48. 48. Beaudouin J (1979) Euphausiaces, mysidaces, larves de decapodes du Golfe de Gascogne (plateau continental) en 1971 et 1972. Rev Trav Inst Pech Marit 43: 367–389.
  49. 49. Albaina A, Irigoien X (2007a) Fine scale zooplankton distribution in the Bay of Biscay in spring 2004. J Plankton Res 29(10): 851–870.
  50. 50. Sourisseau M, Carlotti F (2006) Spatial distribution of zooplankton size spectra on the French continental shelf of the Bay of Biscay during spring 2000 and 2001. J Geophys Res Oceans 111: C05S09.
  51. 51. Irigoien X, Fernandes JA, Grosjean P, Denis K, Albaina A, et al. (2009) Spring zooplankton distribution in the Bay of Biscay from 1998 to 2006 in relation with anchovy recruitment. J Plankton Res 31: 1–17.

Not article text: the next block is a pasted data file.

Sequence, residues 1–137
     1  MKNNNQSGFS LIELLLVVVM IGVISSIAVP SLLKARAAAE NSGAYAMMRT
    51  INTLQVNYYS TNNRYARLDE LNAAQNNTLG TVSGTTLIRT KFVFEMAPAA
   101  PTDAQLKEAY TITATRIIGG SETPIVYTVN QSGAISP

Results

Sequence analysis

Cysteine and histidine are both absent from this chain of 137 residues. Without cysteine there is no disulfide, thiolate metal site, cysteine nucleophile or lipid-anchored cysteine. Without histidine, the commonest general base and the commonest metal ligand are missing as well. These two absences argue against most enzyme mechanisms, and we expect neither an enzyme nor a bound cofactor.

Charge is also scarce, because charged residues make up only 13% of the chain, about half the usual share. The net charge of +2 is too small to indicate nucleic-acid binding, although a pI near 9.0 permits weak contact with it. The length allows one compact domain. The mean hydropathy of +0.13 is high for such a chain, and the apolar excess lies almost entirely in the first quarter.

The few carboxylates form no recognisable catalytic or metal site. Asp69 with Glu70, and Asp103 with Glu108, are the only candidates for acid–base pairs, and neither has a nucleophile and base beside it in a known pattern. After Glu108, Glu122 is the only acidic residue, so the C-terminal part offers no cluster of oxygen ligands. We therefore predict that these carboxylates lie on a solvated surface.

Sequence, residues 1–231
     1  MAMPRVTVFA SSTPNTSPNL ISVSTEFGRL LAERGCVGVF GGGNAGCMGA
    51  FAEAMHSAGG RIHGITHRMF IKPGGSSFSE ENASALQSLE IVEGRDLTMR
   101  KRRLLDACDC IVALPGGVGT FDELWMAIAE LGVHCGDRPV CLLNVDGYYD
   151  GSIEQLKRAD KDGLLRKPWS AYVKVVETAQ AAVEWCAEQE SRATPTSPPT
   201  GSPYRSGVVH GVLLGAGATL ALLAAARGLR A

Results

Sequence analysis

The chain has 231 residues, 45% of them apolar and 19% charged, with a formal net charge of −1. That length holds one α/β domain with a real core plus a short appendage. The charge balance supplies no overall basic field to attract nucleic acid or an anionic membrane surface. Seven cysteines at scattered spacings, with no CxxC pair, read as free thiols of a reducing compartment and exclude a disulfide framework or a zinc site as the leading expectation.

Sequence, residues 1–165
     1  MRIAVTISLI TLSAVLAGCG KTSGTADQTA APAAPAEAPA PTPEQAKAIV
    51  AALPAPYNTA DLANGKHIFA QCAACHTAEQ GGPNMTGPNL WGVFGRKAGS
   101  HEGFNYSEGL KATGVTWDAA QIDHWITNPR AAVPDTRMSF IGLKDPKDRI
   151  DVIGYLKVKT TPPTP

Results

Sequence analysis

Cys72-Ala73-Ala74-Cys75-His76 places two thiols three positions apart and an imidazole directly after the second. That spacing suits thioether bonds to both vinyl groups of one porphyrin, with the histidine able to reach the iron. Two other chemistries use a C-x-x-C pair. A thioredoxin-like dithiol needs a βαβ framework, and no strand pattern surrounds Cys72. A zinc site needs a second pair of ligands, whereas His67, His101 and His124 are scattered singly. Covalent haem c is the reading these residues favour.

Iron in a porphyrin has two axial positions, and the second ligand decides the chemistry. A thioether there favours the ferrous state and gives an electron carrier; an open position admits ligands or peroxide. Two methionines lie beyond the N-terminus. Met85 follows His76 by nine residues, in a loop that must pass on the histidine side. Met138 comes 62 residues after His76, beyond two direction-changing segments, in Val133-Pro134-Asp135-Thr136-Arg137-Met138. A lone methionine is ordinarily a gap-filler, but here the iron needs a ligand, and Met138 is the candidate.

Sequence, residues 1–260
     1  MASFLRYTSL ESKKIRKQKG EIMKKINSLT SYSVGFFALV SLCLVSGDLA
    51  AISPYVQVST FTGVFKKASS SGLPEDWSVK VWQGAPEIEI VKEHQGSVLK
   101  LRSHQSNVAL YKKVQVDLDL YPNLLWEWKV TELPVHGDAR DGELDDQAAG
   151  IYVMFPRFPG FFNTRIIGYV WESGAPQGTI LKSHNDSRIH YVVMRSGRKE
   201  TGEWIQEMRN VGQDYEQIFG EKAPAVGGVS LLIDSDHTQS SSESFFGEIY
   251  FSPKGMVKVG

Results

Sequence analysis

52. 52. McLaren IA (1963) Effects of Temperature on Growth of Zooplankton, and the Adaptive Value of Vertical Migration. J Fish Res Board Can 20: 685–727.
  53. 53. Gliwicz, Z.M. 1986. Predation and the evolution of vertical migration in zooplankton. Nature 320: 746–748.
  54. 54. Hamrin SF (1986) Vertical Distribution and Habitat Partitioning Between Different Size Classes of Vendace, Coregonus albula, in Thermally Stratified Lakes. Can J Fish Aquat Sci 43: 1617–1625.
  55. 55. Leibold MA (1990) Resources and predators can affect the vertical distributions of zooplankton. Limnol Oceanogr 35 938–944.
  56. 56. Tarling G, Burrows M, Matthews J, Saborowski R, Buchholz F, et al. (2000) An optimisation model of the diel vertical migration of northern krill (Meganyctiphanes norvegica) in the Clyde Sea and the Kattegat. Can J Fish Aquat Sci 57: 38–50.